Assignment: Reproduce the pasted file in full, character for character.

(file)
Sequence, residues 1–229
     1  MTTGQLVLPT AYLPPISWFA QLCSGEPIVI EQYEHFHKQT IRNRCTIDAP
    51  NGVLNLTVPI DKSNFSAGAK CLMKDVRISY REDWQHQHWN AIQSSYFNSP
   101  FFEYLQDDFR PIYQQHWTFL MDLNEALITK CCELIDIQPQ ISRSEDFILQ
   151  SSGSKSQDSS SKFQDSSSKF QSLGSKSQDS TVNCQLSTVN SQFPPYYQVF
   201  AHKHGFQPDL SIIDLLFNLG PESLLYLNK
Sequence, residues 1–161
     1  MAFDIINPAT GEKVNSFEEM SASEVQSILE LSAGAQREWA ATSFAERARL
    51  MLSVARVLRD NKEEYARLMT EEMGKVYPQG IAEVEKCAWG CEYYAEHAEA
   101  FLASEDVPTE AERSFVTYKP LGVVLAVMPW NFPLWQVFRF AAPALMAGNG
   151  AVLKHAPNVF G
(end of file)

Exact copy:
Sequence, residues 1–229
     1  MTTGQLVLPT AYLPPISWFA QLCSGEPIVI EQYEHFHKQT IRNRCTIDAP
    51  NGVLNLTVPI DKSNFSAGAK CLMKDVRISY REDWQHQHWN AIQSSYFNSP
   101  FFEYLQDDFR PIYQQHWTFL MDLNEALITK CCELIDIQPQ ISRSEDFILQ
   151  SSGSKSQDSS SKFQDSSSKF QSLGSKSQDS TVNCQLSTVN SQFPPYYQVF
   201  AHKHGFQPDL SIIDLLFNLG PESLLYLNK
Sequence, residues 1–161
     1  MAFDIINPAT GEKVNSFEEM SASEVQSILE LSAGAQREWA ATSFAERARL
    51  MLSVARVLRD NKEEYARLMT EEMGKVYPQG IAEVEKCAWG CEYYAEHAEA
   101  FLASEDVPTE AERSFVTYKP LGVVLAVMPW NFPLWQVFRF AAPALMAGNG
   151  AVLKHAPNVF G